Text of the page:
The first book I read on this trip was Anne Lamott's "Some Assembly Required" and while I highlighted many, many astonishing bits of wisdom in it, one keeps coming back to me as I check in with my mother via phone every day.  "If it isn't my problem, I don't have the solution."  While that may sound callous, the truth is that I don't have the solution. I could run around giving advice, searching for answers, talking to doctors and nurses, holding my mom's hand and generally making myself feel better because I have the illusion of "doing something," but in the end, what is going to happen is going to happen regardless of whether I am there or not.  I know that offering my mother love and comfort over the phone is better for both of us - we will end up not resenting each other's lack of boundaries - and the outcome will be the same.  

And so here I am.  In this lovely, lovely place with my family, warts and all.  And I shall rub sunscreen on those warts and go forth to enjoy the day, knowing that what happens is all part and parcel of this life of mine and I feel pretty damn lucky.    

Wednesday, June 20, 2012

You Can't Make This S^%t Up

Imagine this:

A family of four (plus a dog, two hamsters, a cat and a fish) were moving. The new house had been purchased and would be available on June 6. The current house had been sold to a lovely couple with three small boys who wanted to take possession June 6. Sounds good, right? Perfect timing.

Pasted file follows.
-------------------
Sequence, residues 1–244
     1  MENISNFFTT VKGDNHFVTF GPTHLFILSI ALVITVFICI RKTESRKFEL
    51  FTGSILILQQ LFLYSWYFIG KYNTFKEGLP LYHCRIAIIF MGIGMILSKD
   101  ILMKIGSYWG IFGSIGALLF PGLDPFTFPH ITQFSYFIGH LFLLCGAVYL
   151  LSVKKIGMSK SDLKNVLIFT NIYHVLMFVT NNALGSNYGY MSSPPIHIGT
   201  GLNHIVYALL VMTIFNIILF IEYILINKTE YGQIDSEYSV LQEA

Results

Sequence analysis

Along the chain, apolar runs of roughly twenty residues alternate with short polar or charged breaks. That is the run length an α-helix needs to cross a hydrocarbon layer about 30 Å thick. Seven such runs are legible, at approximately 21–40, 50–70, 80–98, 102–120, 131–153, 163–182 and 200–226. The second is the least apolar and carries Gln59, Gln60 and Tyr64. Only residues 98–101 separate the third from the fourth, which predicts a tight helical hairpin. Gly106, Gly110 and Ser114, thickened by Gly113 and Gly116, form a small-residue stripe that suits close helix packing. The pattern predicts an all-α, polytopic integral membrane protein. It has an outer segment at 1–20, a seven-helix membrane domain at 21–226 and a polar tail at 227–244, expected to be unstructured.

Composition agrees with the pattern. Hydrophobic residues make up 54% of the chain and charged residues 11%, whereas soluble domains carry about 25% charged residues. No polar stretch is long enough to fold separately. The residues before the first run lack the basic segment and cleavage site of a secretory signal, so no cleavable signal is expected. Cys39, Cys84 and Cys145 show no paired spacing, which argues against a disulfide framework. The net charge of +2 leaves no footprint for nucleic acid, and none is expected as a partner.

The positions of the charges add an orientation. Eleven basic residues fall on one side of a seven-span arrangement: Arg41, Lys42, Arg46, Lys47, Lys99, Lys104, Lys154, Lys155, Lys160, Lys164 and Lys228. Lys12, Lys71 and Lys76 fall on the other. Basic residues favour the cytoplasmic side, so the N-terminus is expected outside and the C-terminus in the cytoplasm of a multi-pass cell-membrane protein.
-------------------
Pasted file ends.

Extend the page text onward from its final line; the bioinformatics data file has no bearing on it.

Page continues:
Until Bubba remembered he had a business trip that week (where his client was oh-so-lovingly putting him up at the Ritz Carlton).  Until I realized that in order to let the new family have our house on June 6, we had to have our house packed and emptied and cleaned by then.  Which necessitated at least one night's stay in a hotel on our end. With the dog.

And the one hotel in our area that allows 80-pound retrievers (but not cats, hamsters or fish) charges $250.00/night.

I made a reservation anyway because, what are you going to do?

So Sunday night the girls and I packed a suitcase each (for two nights plus an additional night or two of not really knowing where our stuff was in boxes at the new house) in anticipation of moving to a hotel while our house was (THANK GOD) packed up by a moving company on Monday and loaded into a moving truck on Tuesday.

Monday after school we headed to the hotel to check in after settling the cat and the hamsters for the night in the old house. The fish, sadly, died a few days before moving. Perhaps it knew what was to come....

We arrived at the hotel only to be informed that it was under a great deal of renovation and we had been put in a room on the 6th floor. With our dog. Meaning that every time he had to pee, I had to take him out from the top floor of the hotel. Despite having requested a ground-floor room for this very reason.  But I didn't make a fuss.  The receptionist assured me it was a lovely room at the far end of the hotel complex and she was sorry for any inconvenience.

Oh, and had someone neglected to inform me of their new policy regarding dogs? They needed an additional $100.00 non-refundable deposit since they had decided to shampoo the carpets in every room following a pet's stay. Whether you stay 2 days or 32.